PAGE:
A hotel worker used a customer’s credit card to pay for her own premium family holiday to Menorca.
Rebecca Waterfall, 31, also used the man’s card to buy currency, a Minnie Mouse poncho towel and her shopping from Asda.
She had previously defrauded a travel agent she worked at out of £22,000, Manchester Evening News reports.
Her latest scam was carried out while she worked as a guest relations executive at the Principal Hotel in Manchester.
She fraudulently used the credit card details of a man who was booking a New Year's stay with his wife in 2018, a court heard.
Waterfall, of Salford, spent £1,459 on a week's stay at a 'premium holiday villa' in Menorca, Spain in October 2018 with her partner and child.
She also bought £148 worth of Asda shopping, a £15.99 child's sun hat, a £12.48 Minnie Mouse poncho towel from Amazon and paid £515 to a currency firm.
The victim had the money refunded.
After being arrested, mum-of-two Waterfall claimed it had been an accident and denied any knowledge of the transactions.
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She later admitted five counts of fraud and was handed a 12-month community order at Manchester Crown Court on Monday.
Waterfall had previously received a suspended sentence in January 2017 for the fraud committed while working for Cheshire based travel agent Incentivise.
During that scam, she offered friends discounted holidays to destinations including Cuba and Switzerland, and enjoyed a trip to Australia with her boyfriend.
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Waterfall, of Salford, also pocketed £5,000 which a family she was friends with had paid her to go to Disney World in Florida, US.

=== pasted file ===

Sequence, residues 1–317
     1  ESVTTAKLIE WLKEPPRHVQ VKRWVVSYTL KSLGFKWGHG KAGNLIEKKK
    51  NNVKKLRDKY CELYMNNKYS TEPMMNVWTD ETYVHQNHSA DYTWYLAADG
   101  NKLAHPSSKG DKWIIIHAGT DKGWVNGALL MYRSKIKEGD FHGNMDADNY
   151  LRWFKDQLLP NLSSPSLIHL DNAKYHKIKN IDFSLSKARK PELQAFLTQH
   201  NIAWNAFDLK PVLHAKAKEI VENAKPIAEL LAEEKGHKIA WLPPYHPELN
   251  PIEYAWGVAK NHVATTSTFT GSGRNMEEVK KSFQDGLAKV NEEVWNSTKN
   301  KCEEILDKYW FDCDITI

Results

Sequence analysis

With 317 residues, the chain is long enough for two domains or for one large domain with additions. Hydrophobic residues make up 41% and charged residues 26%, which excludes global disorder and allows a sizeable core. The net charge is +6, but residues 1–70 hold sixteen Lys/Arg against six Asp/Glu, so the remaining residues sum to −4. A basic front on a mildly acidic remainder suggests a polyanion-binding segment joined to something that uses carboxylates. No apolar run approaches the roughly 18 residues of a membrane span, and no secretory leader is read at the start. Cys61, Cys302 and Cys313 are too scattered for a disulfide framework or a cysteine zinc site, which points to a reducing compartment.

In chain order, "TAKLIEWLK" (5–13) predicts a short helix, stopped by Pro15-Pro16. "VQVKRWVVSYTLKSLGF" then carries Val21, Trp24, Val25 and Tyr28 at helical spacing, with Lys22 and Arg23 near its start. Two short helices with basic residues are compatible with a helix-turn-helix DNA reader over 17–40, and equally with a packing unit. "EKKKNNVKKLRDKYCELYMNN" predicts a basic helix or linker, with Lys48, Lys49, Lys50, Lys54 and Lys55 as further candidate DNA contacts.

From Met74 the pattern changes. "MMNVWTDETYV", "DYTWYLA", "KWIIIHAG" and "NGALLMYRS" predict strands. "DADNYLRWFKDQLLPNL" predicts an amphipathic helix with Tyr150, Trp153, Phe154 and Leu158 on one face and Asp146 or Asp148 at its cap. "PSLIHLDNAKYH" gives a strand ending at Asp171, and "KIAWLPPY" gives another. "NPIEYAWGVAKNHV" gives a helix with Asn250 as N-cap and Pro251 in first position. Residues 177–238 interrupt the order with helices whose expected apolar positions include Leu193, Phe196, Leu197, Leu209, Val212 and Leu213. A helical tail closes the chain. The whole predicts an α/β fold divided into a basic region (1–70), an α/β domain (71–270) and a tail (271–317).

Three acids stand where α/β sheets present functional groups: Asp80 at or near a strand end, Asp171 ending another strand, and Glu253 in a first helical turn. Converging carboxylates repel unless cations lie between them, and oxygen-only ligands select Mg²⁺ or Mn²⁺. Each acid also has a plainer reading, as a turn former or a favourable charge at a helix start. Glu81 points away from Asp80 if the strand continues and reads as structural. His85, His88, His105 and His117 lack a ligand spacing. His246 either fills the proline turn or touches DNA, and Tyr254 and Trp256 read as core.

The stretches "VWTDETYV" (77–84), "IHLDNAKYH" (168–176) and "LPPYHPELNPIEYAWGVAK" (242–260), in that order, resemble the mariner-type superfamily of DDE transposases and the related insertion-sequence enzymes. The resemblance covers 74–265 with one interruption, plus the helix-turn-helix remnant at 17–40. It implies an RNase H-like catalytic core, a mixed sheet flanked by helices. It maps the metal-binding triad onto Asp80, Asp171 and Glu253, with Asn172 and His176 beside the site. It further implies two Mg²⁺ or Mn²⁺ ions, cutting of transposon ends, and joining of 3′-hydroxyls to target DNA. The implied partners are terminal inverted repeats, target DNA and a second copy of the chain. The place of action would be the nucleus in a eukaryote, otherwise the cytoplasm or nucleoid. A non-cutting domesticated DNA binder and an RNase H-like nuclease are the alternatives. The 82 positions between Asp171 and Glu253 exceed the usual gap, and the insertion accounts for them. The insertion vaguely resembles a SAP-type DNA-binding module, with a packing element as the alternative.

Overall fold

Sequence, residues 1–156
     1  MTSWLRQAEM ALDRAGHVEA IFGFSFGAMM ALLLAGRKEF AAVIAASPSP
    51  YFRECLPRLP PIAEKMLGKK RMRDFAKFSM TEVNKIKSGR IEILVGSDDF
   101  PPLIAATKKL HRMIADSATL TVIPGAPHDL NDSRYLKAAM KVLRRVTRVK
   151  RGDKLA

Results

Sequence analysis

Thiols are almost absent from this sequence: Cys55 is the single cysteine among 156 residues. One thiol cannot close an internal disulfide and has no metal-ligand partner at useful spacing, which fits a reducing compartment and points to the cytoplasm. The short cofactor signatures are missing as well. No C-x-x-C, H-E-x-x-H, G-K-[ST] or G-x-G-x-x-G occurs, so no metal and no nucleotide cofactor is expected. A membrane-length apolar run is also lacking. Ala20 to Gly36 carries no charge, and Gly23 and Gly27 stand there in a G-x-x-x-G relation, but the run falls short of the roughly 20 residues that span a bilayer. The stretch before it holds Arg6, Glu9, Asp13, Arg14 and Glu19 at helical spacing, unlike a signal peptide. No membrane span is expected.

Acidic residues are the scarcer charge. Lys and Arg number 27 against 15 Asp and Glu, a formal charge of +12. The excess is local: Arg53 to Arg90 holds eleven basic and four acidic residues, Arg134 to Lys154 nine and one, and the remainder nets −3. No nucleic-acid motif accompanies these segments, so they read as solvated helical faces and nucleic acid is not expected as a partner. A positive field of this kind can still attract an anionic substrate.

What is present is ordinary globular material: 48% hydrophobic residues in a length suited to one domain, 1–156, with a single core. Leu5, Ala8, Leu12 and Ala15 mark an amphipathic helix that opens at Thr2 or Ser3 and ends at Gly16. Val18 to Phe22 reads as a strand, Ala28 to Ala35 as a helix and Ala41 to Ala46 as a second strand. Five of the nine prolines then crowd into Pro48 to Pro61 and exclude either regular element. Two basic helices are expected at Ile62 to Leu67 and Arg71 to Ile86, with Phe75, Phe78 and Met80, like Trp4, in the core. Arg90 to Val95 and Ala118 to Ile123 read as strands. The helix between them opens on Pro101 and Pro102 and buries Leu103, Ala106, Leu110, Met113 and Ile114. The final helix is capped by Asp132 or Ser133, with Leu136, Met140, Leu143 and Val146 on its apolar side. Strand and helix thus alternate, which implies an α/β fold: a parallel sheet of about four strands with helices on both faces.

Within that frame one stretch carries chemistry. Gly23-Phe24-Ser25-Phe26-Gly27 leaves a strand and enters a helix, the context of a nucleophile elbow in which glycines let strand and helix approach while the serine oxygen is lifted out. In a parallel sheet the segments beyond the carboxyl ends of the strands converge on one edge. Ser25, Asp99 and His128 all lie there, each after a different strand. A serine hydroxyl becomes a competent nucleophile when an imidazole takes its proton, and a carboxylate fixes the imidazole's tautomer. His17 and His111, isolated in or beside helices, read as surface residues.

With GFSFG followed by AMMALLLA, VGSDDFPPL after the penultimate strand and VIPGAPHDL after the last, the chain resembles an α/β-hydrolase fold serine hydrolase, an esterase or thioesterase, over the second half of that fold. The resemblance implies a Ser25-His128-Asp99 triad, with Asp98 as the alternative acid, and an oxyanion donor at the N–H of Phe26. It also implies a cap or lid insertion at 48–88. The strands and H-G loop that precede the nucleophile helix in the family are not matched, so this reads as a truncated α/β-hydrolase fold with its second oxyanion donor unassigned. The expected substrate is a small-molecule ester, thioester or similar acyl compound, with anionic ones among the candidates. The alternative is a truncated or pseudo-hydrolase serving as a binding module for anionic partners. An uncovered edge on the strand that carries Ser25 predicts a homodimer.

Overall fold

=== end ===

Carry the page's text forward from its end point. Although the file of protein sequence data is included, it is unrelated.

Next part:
The family had to be pulled out of a check-in line by police at Manchester Airport after the crime was uncovered.
Waterfall was later jailed for nine months in January 2019 after failing to comply with the suspended sentence.
At the latest hearing on Monday, Judge Nicholas Dean QC said it would be “wrong” to jail her.
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He said she would likely have received a longer sentence when her suspended sentence was activated, if that judge had been aware of the most recent fraud.
The judge said: “It seems to me it would be wrong now to send you to prison, and I am not going to do that.”
The court heard Waterfall has applied to enrol on a nursing apprenticeship – but the judge questioned if she had made up the application.
He said: “It is hard to resist the conclusion this has been made up to present a less worrying aspect of her personality to the court.”
Describing her as an “intelligent young woman”, the judge told her: "You are prone to give way to greed and opportunistic dishonesty.
"You must learn to resist such temptations if they are in front of you."
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